This week, HarperCollins Canada announced the inaugural winner of a new annual literary prize it created this year in honor of the 50th anniversary of Canada’s largest and most prominent creative writing program. The publisher also acquired a debut novel in the process.

Karim Alrawi’s novel Book of Sands will be published by HarperCollins Canada in 2015. Winners of the HarperCollinsCanada/UBC Prize for Best New Fiction are offered literary representation by The Cooke Agency, an advance and a publishing contract with HarperCollins Canada. (The Cooke Agency negotiates the specific terms of each contract and advance with HarperCollinsCanada.) The prize is a collaboration between the publisher, agency and the university; it is open to currently enrolled students and previous graduates of UBC’s writing program.

“We are honored to be publishing a first novel by a writer of such distinction from the UBC MFA program,” Iris Tupholme, v-p, executive publisher and editor-in-chief at HarperCollinsCanada said in the announcement. “Among many strong submissions, this novel stood out in its scope and its achievement in capturing so vividly a personal story set amidst the Arab Spring. Karim Alrawi writes with passion and precision about Tarek, a young husband who is forced to flee the city of Cairo with his daughter, when he mistakenly becomes involved in a political demonstration, leaving behind his pregnant wife, unsure when he will be able to return.”

The award’s jury commented: “The importance of storytelling in everyday life is one of Alrawi’s primary themes. His use of magic realism, quantum mechanics and (yes!) math gives this manuscript depth and power.”

Alrawi said he was surprised and delighted to win. “As a first time novelist trying to get attention for my work, this competition is a wonderful and rare opportunity to place my manuscript with a major publishing house.”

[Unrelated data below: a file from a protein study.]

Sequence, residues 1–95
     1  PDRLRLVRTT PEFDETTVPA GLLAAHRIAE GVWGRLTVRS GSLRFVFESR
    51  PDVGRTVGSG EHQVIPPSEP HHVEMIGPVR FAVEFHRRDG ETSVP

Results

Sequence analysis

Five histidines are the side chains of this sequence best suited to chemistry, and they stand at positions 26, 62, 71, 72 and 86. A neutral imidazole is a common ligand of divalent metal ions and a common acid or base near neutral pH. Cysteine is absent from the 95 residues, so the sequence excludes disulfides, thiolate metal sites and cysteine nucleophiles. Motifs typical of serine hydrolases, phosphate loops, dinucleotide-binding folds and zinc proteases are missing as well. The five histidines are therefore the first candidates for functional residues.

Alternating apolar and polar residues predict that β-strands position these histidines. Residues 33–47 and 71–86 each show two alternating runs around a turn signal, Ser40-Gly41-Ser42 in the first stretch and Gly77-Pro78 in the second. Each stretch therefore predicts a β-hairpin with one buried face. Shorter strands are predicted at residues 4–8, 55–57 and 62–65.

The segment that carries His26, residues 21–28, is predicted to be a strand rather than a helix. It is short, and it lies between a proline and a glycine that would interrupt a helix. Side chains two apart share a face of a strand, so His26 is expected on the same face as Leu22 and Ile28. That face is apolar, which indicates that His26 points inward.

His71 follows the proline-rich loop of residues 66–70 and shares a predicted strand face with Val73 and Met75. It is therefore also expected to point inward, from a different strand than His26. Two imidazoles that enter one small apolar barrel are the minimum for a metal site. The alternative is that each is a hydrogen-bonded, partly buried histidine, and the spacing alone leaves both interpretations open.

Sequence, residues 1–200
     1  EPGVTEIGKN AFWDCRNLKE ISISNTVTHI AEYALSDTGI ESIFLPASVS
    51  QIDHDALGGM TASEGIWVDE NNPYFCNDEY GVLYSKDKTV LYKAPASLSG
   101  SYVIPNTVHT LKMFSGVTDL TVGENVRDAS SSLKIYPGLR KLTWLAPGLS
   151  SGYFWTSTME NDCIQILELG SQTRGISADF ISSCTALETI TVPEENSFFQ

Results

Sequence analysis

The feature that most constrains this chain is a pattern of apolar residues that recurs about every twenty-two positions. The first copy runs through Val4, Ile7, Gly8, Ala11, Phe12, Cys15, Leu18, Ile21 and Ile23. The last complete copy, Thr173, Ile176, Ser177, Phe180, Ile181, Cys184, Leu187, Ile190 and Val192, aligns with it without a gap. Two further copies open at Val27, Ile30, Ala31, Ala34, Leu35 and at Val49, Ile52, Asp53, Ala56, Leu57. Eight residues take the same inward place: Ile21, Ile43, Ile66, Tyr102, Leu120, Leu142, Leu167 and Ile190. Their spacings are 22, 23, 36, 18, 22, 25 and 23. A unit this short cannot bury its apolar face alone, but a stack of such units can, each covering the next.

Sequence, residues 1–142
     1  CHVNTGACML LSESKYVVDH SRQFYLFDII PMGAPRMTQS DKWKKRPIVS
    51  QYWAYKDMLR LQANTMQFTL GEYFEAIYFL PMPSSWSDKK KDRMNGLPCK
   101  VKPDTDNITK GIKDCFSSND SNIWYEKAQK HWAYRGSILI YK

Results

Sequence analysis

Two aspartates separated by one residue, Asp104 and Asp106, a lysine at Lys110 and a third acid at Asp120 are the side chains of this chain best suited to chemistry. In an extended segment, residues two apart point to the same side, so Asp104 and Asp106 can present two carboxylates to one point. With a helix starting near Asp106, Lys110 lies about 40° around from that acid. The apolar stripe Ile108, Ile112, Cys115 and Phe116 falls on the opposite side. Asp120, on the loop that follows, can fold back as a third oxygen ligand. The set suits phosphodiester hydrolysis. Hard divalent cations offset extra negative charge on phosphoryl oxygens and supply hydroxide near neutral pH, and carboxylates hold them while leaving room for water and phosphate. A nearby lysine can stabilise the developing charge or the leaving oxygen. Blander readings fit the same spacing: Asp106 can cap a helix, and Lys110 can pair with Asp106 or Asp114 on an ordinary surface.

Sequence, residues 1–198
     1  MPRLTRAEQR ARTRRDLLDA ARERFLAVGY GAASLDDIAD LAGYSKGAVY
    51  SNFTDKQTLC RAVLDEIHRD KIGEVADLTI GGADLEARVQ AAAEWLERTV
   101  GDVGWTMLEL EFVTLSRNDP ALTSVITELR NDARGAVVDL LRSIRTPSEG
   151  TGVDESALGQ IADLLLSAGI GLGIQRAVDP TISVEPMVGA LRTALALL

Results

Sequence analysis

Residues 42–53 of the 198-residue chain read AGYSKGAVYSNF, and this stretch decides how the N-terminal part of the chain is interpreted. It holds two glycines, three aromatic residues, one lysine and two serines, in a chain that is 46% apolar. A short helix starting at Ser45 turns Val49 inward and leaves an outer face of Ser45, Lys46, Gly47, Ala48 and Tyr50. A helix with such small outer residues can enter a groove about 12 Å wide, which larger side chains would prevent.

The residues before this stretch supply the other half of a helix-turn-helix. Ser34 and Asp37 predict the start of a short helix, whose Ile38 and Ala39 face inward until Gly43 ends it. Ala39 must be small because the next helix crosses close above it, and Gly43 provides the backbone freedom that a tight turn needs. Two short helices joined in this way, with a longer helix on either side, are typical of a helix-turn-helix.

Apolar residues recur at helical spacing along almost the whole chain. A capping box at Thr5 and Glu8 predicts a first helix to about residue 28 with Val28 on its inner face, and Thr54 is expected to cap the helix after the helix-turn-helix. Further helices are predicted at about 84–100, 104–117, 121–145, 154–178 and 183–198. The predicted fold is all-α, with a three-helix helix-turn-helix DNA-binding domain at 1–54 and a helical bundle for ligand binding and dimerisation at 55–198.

Penguin Random House Canada is also helping celebrate the anniversary of UBC’s program, which president and CEO Brad Martin has described as “the training ground for many of the country’s greatest writing talents.” In a C$75,000 three-year commitment, the publisher is sponsoring scholarships and partnering with UBC to create a new non-fiction writing course as well as publishing a 50th anniversary anthology, Naked in Academe, which will be launched at an anniversary gala in Vancouver on March 15.

Steven Galloway, the acting chair of UBC’s program, commented that Hazlitt, an online magazine created by Random House Canada in 2012, “is a terrific vehicle for our creative non-fiction students, and we are extremely pleased to be able to work more closely with everyone at Penguin Random House Canada.”

The program’s alumni include many well-known Canadian writers such as Joseph Boyden, Annabel Lyon, Zsuzsi Gartner, Paulette Bourgeois, Morris Panych, Madeleine Thien, and Susan Musgrave among its alumni. When asked what aspects of the program have helped so many Canadian writers to develop and succeed, Galloway, who is an author and alumni himself, told PW that the program is by far the largest in Canada, with about 240 students in its Master of Fine Arts program; that size allows it to offer courses in 11 different forms, including screen, stage, radio, writing for children and young adults, writing for graphic form, writing song lyric, new media as well as fiction, non-fiction and poetry. The program is interdisciplinary, Galloway said, explaining that students are encouraged to experiment and “get out of their comfort zones.” He added that the students are also discouraged from being competitive with one another to instead create a creative, collegial environment.

Galloway said that the creation of the program 50 years ago was remarkable. “In 1963, there barely was Canadian literature. Northrop Frye was able to review every book of poetry in his magazine,” he said. “And you have this guy [poet] Earl Birney convincing a bunch of stuffy English academics to let him go off and start his own writing program,” he said.

“We’re very happy to still be here,” Galloway said.